10 Friday AM Reads

My end-of-week morning train WFH reads:

Work From Home Is Loved Worldwide, Even If Wall Street Hates It: New research paper highlights global appeal of remote work Workers would take 5% pay cut to keep option of days at home. (Bloomberg)

What’s Alpha? These days, the statistic’s interpretation is taken more figuratively than literally. (Morningstar)

Pandemic, Recession, Roaring Twenties… Repeat? We’ve all heard and studied how terrible the 1929 Crash and ensuing Great Depression was for America’s economy, but far less people know about the other 1920s economic downturn: the “forgotten depression” of 1920-1921. While technically a recession, the economic slump of 1920 certainly felt like a depression. (Investor Amnesia)

The Disaster Consultants: Meet the middlemen of climate change, the private contractors who make bank off helping devastated towns and cities with their FEMA paperwork. (The Verge)

Some Amazon Prime customers say they don’t have two-day shipping anymore: A former Amazon employee found that, in large areas of Washington state, Prime deliveries can take four to five business days. (Vox)

How Japan Won its ‘Traffic War’ Until the early 1970s, Japan endured a high rate of road fatalities. Now the nation boasts one of the world’s best traffic safety records. Here’s why. (CityLab)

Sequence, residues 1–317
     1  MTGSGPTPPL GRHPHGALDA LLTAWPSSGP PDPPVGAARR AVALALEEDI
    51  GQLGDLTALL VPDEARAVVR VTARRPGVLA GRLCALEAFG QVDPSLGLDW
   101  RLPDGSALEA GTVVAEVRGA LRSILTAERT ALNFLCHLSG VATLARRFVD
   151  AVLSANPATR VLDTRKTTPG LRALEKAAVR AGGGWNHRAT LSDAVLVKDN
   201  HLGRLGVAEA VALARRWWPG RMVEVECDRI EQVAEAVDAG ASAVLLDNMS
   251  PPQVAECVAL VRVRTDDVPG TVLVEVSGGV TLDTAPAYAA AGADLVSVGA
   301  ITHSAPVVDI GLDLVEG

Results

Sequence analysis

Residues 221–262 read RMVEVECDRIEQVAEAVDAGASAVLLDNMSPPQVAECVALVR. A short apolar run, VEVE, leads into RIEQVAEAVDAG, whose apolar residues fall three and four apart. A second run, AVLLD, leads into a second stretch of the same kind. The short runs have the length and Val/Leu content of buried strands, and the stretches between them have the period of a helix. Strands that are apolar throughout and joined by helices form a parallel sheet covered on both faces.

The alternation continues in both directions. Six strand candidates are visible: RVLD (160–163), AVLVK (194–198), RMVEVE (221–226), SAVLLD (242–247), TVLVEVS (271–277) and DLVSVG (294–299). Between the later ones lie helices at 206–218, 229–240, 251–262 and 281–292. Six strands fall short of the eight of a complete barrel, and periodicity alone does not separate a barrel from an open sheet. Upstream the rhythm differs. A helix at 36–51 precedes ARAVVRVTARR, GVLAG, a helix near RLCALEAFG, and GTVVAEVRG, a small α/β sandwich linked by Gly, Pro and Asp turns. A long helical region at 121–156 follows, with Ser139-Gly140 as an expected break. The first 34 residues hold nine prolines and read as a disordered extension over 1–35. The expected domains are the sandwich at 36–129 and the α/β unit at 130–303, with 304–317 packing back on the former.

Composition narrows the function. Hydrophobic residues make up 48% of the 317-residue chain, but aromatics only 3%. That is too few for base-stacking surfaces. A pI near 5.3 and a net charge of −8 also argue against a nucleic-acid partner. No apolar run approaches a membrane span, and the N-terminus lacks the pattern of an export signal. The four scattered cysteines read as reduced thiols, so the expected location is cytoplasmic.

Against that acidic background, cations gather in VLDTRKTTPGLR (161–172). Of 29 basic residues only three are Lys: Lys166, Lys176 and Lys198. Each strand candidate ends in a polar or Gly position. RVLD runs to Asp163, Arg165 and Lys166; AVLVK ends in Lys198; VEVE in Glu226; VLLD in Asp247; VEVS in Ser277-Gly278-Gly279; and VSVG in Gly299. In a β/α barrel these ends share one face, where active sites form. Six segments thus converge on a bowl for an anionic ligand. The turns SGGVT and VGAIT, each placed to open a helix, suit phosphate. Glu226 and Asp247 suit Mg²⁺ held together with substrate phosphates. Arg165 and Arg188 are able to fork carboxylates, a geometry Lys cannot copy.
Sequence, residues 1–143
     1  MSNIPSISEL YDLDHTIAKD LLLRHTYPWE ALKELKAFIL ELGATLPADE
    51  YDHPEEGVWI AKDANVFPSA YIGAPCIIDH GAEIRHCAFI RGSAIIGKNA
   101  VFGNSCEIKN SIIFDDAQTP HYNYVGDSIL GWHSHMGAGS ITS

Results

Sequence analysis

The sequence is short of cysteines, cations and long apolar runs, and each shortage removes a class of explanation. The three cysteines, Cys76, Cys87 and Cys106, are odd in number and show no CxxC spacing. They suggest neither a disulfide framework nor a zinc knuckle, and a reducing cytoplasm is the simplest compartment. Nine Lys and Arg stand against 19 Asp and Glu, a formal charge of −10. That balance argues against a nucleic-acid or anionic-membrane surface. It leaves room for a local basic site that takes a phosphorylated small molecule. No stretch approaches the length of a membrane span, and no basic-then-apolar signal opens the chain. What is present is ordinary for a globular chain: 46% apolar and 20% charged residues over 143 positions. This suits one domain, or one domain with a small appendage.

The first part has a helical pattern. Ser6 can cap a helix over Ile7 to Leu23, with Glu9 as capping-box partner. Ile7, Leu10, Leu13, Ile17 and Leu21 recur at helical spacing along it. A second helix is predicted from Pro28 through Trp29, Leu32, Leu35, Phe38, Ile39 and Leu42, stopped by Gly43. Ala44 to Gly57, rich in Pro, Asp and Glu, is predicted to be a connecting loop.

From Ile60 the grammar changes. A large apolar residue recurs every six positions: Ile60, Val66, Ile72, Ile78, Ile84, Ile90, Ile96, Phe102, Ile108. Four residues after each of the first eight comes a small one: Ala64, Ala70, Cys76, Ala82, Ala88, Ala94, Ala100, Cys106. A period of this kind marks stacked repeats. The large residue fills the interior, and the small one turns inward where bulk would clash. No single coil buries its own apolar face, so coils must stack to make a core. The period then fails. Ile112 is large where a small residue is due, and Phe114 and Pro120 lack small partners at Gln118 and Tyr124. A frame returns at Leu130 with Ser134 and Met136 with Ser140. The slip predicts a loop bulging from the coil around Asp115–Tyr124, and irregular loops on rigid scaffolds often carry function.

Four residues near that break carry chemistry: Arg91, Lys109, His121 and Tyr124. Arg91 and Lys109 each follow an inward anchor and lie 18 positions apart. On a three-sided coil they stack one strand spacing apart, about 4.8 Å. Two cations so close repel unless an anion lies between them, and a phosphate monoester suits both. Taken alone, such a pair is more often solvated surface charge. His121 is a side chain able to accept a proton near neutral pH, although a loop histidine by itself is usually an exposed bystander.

Ukraine Is Waging a New Kind of War: The fight to retake the city of Kherson plays to the Ukrainians’ strengths, not the Russians.’ (The Atlantic) see also ‘We have already lost’: far-right Russian bloggers slam military failures: Military pro-war bloggers with frontline contacts offer rare insight into Russia’s performance on ground (The Guardian)

Trump should fill Christians with rage. How come he doesn’t? Put another way: People were primed for a militant, populist uprising to take back the Holy Land for God. This was the milieu entered by Jesus, in about 28 A.D. (Washington Post)

When Weird Al Yankovic Met Daniel Radcliffe, Things Got … Well, You Know: For their decidedly nonfactual rock biopic, the pop-music parodist and the “Harry Potter” star found themselves on the same wavelength. (New York Times)

Serena Williams – analysing the barely believable data that explains her genius: After 23 grand-slam titles, more than a thousand matches, and innumerable GOAT debates, Serena Williams’ professional tennis career is over. (The Athletic)

Be sure to check out our Masters in Business next week with Kristen Bitterly Michell, Head of North America Investments for Citi Global Wealth. She is on various “Most Powerful Women in Finance lists” including American Banker, Crains Rising Stars in Banking & Finance 2020. Citi Global Wealth manages more than $800B in Client Assets, and North America accounts for about half of that business.


Macro Insights: Rising power of passive

Source: eToro


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